Gen Z and Changing Transatlantic Foreign Policy Perceptions
The European and North American Generation Z—people born after 1996 and thus formed their worldview after 9/11, China became a global power, and the 2008 financial crisis—have significantly different ideas about world order, international security, and the reliability of partner countries than their older compatriots. They are less likely to perceive the United States as the most influential power and to see partner countries in Europe or on the other side of the Atlantic as reliable, and they tend to have a more positive view of China.
The Gen Z views expressed in GMF’s Transatlantic Trends 2021 survey reflect important long-term changes in the world order, and have the potential to directly impact the evolution of European integration and transatlantic cooperation.
The perceptions of Gen Z serve as a window into the world of tomorrow and policymakers should take them seriously. Gen Z views are important food for thought for those in charge of imagining and shaping the place of the EU and the transatlantic alliance in the future international order.
Skipping school on Fridays for demonstrations against climate change or reigniting debates on gun control and racial justice, young people born after 1996—Gen Z—are often seen as more politicized than the previous generation, the Millennials, born between 1981 and 1996. This observation is also reflected in the Transatlantic Trends 2021 foreign policy survey, which reveals the 18-24 years old cohort to be an outlier on many questions central to the transatlantic relationship. The contrast is especially stark when comparing Gen Z to the oldest cohort in the survey.1 Europeans and North Americans under 25 are more likely than their older compatriots to perceive the world as bipolar or multipolar instead of seeing the United States as the uncontested leader in global affairs, and to hold more positive views on China. Gen Z also seems to be a global and European generation, perceiving the EU as an important player in the world and more likely to support the military engagement of European countries in the Middle East.
Transatlantic Trends is a comprehensive public opinion survey conducted in 11 countries on both sides of the Atlantic—Canada, the United States, France, Germany, Italy, the Netherlands, Poland, Spain, Sweden, Turkey, and the United Kingdom. The fieldwork was conducted from late March to mid-April 2021 via online surveys with a sample of 1,000 persons per country. The data were weighted to match population factors for age, gender, region (in all countries), income (in Canada, the United States, Germany, Italy, Poland, and Spain), and occupation (in the United Kingdom and France).
The sample sizes for respondents aged 18-24 years were the following: 97 in Canada, 103 in France, 88 in Germany, 84 in Italy, 109 in the Netherlands, 116 in Poland, 78 in Spain, 126 in Sweden, 175 in Turkey, 125 in the United Kingdom, and 175 in the United States. These data were then weighted to ensure a representation according to the actual population quota in the respective states. Despite the comparatively small sample size, the study provides a comprehensive overview of youth public opinion on a range of foreign policy issues on both sides of the Atlantic and is unprecedented in its scope.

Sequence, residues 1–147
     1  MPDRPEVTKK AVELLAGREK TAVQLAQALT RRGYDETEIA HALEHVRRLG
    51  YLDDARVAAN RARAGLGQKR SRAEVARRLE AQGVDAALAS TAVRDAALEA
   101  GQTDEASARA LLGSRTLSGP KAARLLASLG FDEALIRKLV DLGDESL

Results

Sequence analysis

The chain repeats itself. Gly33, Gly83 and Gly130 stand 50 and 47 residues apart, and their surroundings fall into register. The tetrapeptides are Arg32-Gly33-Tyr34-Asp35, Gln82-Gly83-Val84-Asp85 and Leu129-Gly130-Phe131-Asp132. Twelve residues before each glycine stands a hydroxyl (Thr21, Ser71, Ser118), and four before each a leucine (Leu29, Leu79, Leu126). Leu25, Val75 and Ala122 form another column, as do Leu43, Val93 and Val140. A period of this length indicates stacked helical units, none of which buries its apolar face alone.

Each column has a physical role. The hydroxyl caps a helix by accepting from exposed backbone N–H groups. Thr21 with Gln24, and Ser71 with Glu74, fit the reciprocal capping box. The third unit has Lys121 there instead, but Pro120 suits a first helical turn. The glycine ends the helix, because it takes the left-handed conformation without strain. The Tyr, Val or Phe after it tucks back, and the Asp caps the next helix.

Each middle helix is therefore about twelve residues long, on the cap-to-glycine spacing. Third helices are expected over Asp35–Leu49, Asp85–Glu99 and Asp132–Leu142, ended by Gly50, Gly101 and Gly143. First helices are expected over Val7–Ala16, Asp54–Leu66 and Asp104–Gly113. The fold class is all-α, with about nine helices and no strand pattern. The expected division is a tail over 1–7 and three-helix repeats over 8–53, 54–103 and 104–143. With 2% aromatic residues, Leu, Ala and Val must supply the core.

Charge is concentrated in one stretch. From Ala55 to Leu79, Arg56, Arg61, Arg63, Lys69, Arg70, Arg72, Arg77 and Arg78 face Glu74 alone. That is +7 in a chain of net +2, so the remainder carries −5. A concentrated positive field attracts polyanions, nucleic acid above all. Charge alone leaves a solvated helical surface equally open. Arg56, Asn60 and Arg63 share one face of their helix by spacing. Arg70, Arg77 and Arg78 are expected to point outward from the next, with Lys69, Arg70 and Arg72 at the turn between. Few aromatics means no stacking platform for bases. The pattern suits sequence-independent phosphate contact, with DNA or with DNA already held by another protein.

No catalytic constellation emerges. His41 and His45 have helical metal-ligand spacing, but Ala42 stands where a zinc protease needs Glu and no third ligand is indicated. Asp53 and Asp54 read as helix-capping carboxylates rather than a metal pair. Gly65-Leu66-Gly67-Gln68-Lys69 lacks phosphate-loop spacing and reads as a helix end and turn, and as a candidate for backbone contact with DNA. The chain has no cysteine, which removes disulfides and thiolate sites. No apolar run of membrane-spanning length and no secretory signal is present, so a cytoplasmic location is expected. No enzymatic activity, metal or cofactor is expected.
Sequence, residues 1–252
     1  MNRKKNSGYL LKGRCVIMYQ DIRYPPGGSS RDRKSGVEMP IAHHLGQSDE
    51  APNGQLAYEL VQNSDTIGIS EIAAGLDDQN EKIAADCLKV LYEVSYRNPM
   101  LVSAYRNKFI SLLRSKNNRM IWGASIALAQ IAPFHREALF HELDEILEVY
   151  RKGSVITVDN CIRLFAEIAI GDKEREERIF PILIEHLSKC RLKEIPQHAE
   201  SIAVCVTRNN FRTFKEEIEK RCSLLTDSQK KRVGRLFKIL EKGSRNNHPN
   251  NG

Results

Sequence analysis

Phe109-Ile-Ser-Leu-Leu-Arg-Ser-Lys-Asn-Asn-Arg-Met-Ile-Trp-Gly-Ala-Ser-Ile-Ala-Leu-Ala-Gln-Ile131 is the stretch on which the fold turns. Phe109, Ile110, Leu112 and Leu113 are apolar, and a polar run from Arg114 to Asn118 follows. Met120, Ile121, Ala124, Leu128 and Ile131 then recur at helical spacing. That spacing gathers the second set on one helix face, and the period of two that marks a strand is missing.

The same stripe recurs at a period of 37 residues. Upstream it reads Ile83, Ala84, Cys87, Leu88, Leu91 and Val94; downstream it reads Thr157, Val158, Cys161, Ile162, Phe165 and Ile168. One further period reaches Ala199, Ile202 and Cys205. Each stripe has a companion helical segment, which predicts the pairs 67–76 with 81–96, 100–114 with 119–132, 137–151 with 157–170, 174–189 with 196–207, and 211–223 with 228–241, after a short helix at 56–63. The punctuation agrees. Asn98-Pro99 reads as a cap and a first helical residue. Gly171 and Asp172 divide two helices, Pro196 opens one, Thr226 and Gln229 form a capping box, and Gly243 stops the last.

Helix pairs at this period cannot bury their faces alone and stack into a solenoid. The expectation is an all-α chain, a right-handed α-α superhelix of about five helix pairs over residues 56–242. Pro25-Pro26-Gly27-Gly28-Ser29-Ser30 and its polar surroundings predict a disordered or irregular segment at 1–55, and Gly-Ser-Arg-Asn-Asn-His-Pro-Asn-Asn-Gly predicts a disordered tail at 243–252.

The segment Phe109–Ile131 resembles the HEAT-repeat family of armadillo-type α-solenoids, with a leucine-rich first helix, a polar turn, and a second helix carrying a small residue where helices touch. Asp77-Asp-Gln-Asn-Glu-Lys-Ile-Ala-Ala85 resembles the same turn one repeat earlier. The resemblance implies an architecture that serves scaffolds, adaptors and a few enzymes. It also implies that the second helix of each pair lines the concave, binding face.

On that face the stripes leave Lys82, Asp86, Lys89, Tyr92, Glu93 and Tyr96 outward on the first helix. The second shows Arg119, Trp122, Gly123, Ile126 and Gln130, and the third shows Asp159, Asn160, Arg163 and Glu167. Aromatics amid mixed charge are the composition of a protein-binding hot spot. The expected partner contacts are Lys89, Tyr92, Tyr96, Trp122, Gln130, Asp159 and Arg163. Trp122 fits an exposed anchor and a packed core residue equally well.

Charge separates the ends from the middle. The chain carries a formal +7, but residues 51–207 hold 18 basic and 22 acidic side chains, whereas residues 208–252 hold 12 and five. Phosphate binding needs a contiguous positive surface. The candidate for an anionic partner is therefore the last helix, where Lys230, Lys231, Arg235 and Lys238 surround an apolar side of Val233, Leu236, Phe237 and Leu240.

The results for the youngest generation are contrasted both to the national average and the oldest generation. In the second case, the “oldest generation” refers to respondents aged 55+ in Turkey, Sweden, Spain, Canada, and the United States, and respondents aged 65+ in the United Kingdom, Poland, the Netherlands, Germany, and France.
Most importantly, Gen Z diverges from established patterns of transatlantic relations and does not sign up to the idea of a unipolar world order under U.S. leadership. While this might, at first sight, appear somewhat unsettling to older policymakers, or one might be tempted to ignore the (still minority) Gen Z opinion as youthful fancy, this would be short-sighted. The Gen Z view offers an opportunity for transatlantic policymakers to imagine the world of tomorrow and seize its opportunities. There is something like a transatlantic Generation Z, which in itself is an opportunity. While a generational gap can be observed in almost all countries surveyed, the degree of alignment of the perceptions and opinions of young people on both sides of the Atlantic is striking. There is a European and transatlantic consensus among the cohort, but with a shifting focus compared to older generations. However, this generation also shows much lower levels of mutual trust compared to the overall average found in the survey: it seems that the Trump years, Brexit, and years of complicated cooperation among European countries have colored the opinion of the young generation. This demonstrates the need for in-person exchange and positive experiences of European integration and transatlantic cooperation, as public support will determine the capacity of these projects tomorrow. Civic education to build meaningful links among citizens is not an add-on but vital for future cooperation. Yet, even the most sophisticated civic education programs cannot replace positive examples and concrete results. This is why partners on both sides of the Atlantic should seek cooperative solutions to shared challenges—something those under 25 suggest they have not seen enough of. Besides generating policies with an added value, this can demonstrate to Gen Z that Europe and the transatlantic relationship can still deliver, particularly on challenges, such as climate change, that will significantly shape their future.